Reed-Solomon CodesAugust 07, 2017
Reed-Solomon Codes are a form of error correcting codes created by Irving Reed and Gustave Solomon at MIT Lincoln Lab.
Reed-Solomon Codes are in a family of BCH algorithms that use finite fields and polynomial structures to process message data and detect errors.
Table of Contents
The basic structure of these codes involves taking a message and splitting it up into Code Words
A code word includes the original message you want to send and the parity bits added on at the end of it.
The data in the code word is broken up further into what are called symbols or characters. These are bits long, usually 8 bits.
The entire code word is symbols long, while the original data is symbols, and the pairity is symbols
The Reed-Solomon algorithm can correct up to erasures in the data, or up to errors. Erasures are like errors, but where the location is known. Think of a QR code, where part of the code is covered by something; you know that the data isn't correct there before you send it. Errors are just mistakes in the data by some unknown maginitude and at an unkown location.
Galois Field arithmetic is very important to the Reed-Solomon algorithms. All operations done are done in a Galois field.
The reason this is done is we can do addition, subtraction, multiplication, and division on binary numbers of length and always get back binary numbers of length . In other words the numbers won't ever be larger than bits in length.
To create a Galois Field with integers we can just do normal addition and multiplication operations and just mod by some prime number to wrap them around.
Say x and y are integers and p is some prime number...
- is an integer
- is an integer
- is an integer
- is an integer
The division point is the interesting one. By using a prime number as the modulus, we ensure that for every pair of integers and , there is some integer such that , so will always have an answer.
So what we want to do is take this Galois Field and apply it to binary numbers. Lets say our goal is to have 8 bit binary numbers, and to create a Galois Field so any operation will give us 8 bit binary numbers. This type of Galois Field is represented as , where 2 is the characteristic of the field and 8 is the exponent.
For all the operations it may be benefitial to represent the binary number as a polynomial. This is done by treating each bit as a coefficient in a polynomial.
say we want to add or
The reason the 2 coefficient changed to 0 is because we are dealing with binary numbers, so the coefficients of the polynomials are always modulo 2, so the 2 becomes a 0
An efficient way to do this in binary is to just XOR the two numbers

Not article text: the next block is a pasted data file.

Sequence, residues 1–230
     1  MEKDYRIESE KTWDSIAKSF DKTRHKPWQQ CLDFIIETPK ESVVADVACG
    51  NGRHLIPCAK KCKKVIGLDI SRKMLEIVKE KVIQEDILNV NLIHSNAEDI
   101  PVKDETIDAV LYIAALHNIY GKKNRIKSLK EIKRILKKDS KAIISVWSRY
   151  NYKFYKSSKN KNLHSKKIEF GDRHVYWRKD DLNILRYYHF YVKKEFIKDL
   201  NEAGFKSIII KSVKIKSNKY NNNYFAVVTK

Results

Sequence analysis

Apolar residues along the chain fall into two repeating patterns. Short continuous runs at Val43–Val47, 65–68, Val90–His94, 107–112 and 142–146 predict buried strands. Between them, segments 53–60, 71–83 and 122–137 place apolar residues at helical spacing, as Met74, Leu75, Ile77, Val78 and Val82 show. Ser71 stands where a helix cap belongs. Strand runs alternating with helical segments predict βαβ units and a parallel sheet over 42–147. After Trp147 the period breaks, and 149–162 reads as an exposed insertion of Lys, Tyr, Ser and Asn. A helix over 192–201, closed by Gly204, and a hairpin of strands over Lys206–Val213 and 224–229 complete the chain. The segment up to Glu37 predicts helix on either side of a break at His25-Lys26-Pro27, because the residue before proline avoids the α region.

Because we mod the coefficients by 2, -1 will become 1, otherwise subtractions are the same as additions.
For multiplication, we can continue converting to polynomials do the operation then convert back.
Or we can use binary multiplication, replacing the addition with XOR's
Now we have a problem because this binary number is larger than 8 bits.
With the integers we modded the numbers by some prime, so we will have to find the equivalent for polynomials. We need an irreducible polynomial or primitive polynomial to serve as our mod number.
We will use 100011101 as this number. So we need to divide the polynomial by this number and find the remainder
An easy way to do this division is to line up the primitive polynomial with the number being reduced so the Most Significant Bits (msb's) line up, and XOR. Then repeat until the number is less than 9 bits.
There is actually a more efficient way to multiplication in Galois Fields.
The simplest operation is to multiply by 2, since the numbers are in binary, you just shift the bits left by 1, and for any power of 2 you shift the bits left by that power.
We can create some generator number (α = 00000010) that is equal to 2 in the Galois Field, and find all the powers of it still in the field.
If we find all the powers of this generator number from 0 to 255, or whatever the maximum power for the field is, we will get all the numbers in the field.
In other words, every number in the Galois Field can be represented as some power of the generator number.
Then, if we convert the numbers before multiplying, it becomes much simpler.
So if we just keep a table of these α powers, we can do a quick lookup, some simple addition of the logarithm of the numbers with α as a base, and easy multiplication.
Using the α trick explained in multiplication, division is as simple as subtracting the logarithms base α instead of adding.
We take some message , and break it into symbols, where if we use the Galois Field , the symbols are 8 bits long. So becomes and is a symbol. Then we can create a polynomial from these symbols.
It is important to realize that this polynomial is not the same as the previous ones. Each coefficient, , of this polynomial is some element of the Galois Field. From this point on we will be working with these polynomials where the coefficients are elements of the Galois Field, so don't confuse them with the ones used in Galois Field arithmetic.